FEBRUARY 1, 2021
Valentine’s Day is coming. For me, it feels different this year. Maybe the day seems a bit unfamiliar for everyone this time around due to the pandemic. Dating in general has changed. As if it wasn’t complicated enough already, there are now myriad additional new nuances to navigate. We’re dealing with both regulations and expectations that didn’t exist as recently as last year. The chances of meeting someone new by happenstance face-to-face are drastically lower. When strangers encounter one another, they’re less likely to interact. No one lingers. People are always trying to go about their business as quickly as possible, and then get back home. The atmosphere of public spaces in general just feels less friendly.
Of course, online dating was already pretty common in The Great Before-Times. Between matchmaking sites, video calling, and online gaming, socially distant dating is definitely possible. But not everyone connects to others in the same ways. Limiting the options limits the possibilities too – at least in my experience.
Walking Paths Without a Partnership
I’ve stopped spending any time perusing profiles of possible matches. After a while, it felt like such a headache for me. There were a few times I believed there might be potential, but the connection turned out to be something other than what I wanted. People always seem to want to impress a new connection with a shiny façade rather than present their genuine truth. It can take a frustratingly long time to determine if a person is actually someone you want in your innermost circle.
Eventually the whole experience was more annoying than it was enjoyable. I didn’t want to deal with it anymore, so I stopped.
When social distancing brought still greater difficulties to the dating world, it was a good reminder that sometimes the obstacles blocking the metaphorical path ahead aren’t there to pose a challenge to us, but rather to redirect us to the path that is best for us. When I stopped my search, it felt like laying down a burden. I truthfully hadn’t realized how much of my energy it was taking, or how much of my mental space it occupied.
This year brings the first Valentine’s Day where I’ve been single and not had to endure some kind of wistful ache for an “other half” to spend my days with.
That feels like growth. I hope it is.
Not Dating. Still Celebrating.
In past years when I’ve been single as Valentine’s Day has approached, I thoroughly rejected the whole idea of the holiday. I would become misanthropic, and resentful of those who were in loving relationships. I’d take whatever opportunity that I could to complain that it was a “Hallmark Holiday” – it was just a consumerist ploy to get people to buy more superficial gifts out of obligation.
That’s not what it needs to be, though.
While I have formed a strong distaste for the process of finding a romantic partner, I do believe in love. Even though I got it wrong before, that hasn’t changed. I also believe there are many other kinds of love that we can indulge in that are equally satisfying. Maybe they can even be more satisfying at times.
As I said, I removed myself from the dating scene when it started to feel like too much effort – effort I wanted to spend elsewhere. The time and energy I was spending browsing matches and exchanging messages was feeling wasted, and not only because it didn’t lead to a relationship. It felt like a distraction from my pet projects and the goals I’ve set for myself. Eventually I came to the realization that I wanted to give those much higher priority, but I wasn’t. I wasn’t behaving in a manner aligned with the life I was striving toward.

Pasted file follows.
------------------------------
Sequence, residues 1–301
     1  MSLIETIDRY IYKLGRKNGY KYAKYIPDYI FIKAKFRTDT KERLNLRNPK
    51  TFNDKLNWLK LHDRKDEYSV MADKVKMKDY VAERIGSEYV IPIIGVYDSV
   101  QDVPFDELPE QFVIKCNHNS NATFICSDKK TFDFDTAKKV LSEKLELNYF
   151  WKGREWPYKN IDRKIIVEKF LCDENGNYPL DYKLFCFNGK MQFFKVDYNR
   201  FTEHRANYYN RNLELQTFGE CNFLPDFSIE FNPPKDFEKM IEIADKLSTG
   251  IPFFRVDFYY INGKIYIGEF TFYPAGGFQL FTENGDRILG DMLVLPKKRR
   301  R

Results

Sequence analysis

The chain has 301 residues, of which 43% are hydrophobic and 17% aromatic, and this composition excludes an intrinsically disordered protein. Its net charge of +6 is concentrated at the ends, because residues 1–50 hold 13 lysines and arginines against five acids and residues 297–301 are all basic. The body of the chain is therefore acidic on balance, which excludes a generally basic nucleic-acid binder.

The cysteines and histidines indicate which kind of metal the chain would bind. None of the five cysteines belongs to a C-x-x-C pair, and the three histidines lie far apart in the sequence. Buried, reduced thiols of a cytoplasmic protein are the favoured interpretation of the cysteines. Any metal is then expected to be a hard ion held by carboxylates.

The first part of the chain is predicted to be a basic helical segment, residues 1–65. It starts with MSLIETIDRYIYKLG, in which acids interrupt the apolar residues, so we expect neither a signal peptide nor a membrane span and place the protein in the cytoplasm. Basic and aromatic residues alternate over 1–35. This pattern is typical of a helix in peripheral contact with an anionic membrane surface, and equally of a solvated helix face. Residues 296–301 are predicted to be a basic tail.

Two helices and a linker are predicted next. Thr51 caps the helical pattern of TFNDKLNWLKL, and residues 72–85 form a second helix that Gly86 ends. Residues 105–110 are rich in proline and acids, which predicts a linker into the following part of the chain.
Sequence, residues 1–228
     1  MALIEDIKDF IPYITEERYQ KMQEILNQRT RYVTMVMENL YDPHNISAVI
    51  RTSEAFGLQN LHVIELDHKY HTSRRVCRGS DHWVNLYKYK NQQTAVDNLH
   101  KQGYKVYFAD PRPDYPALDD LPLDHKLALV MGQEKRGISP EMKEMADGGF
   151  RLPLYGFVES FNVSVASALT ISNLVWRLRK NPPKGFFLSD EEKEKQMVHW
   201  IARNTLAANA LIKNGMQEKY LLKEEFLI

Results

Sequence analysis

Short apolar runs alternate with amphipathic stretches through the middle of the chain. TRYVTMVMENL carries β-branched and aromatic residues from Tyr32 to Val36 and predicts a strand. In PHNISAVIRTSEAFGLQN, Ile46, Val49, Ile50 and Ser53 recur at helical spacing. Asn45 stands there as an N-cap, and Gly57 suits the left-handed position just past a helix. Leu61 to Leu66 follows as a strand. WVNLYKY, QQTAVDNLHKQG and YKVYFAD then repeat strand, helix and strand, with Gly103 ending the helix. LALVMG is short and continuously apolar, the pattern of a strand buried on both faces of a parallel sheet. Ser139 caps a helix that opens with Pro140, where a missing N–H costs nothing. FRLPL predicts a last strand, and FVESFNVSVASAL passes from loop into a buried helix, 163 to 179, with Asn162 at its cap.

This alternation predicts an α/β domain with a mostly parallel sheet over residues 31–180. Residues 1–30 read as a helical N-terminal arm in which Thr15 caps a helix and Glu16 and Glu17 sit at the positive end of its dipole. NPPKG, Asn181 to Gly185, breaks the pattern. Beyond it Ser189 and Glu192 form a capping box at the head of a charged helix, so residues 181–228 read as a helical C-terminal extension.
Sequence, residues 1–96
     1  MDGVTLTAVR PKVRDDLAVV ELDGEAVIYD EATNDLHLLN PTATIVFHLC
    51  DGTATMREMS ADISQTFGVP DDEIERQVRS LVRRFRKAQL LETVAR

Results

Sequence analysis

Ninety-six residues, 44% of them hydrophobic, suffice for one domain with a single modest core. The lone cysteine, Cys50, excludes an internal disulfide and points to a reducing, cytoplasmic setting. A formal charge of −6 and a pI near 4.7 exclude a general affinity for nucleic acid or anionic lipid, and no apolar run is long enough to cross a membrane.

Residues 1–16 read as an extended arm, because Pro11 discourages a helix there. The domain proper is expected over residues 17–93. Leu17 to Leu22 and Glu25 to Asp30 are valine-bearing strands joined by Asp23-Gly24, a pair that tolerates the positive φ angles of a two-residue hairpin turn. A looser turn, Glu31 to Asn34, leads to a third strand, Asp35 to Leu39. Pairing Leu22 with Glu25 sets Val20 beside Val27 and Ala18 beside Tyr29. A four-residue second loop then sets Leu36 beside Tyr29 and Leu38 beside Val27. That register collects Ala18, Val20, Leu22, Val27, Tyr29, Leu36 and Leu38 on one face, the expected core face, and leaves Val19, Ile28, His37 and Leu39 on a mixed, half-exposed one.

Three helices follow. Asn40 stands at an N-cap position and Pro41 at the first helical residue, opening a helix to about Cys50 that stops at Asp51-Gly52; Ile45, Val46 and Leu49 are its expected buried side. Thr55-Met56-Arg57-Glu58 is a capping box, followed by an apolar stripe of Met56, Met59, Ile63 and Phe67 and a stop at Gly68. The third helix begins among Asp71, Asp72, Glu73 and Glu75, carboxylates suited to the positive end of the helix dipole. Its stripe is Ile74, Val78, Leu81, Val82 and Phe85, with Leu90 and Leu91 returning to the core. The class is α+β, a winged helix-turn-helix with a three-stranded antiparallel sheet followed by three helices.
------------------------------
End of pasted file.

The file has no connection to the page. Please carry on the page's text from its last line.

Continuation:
I do love the life that I’m building for myself, and that’s worthy of acknowledgement.
Unattached, But Not Alone
I’m not lacking for social contact, either. My friends and I are very good about checking in on each other regularly. Although we’re all trapped in separate houses and unable to congregate the way we used to, we still manage to make our deep conversations happen.
Some of my friends communicate very well through text and actually follow conversations better that way, so I become privy to an even greater insight on the workings of their minds. A few of my friends like to sit down for an hour and video chat. Others will play video games with the microphone on. One of my friends and I will screen share one of our favorite shows and watch it together that way.
I keep finding that strengthening these existing connections feels so much more rewarding than forging a new one. I do enjoy falling into the intense philosophical discussions that often arise during the “getting-to-know-you” phase of meeting someone new. On the other hand, the discussion feels like a loss when you stop speaking to that person. You can no longer refer back to the conversation and build off of it. Being able to have those kinds of conversations with friends who stick around is more satisfying. You can build together and the conversations get even better.
That’s what it’s all about, isn’t it? Building your future? That’s what I’m doing. I’m putting in place all the pieces I have control over, creating the best version of me and my environment. If there’s a partner somewhere ahead on my life’s path, waiting to be a part of that future I’m nurturing, then they will be there, and I will find them when I get there. There’s no reason for me to go out of my way, exploring off of my path to find them.
I’d never get where I want to go if I did.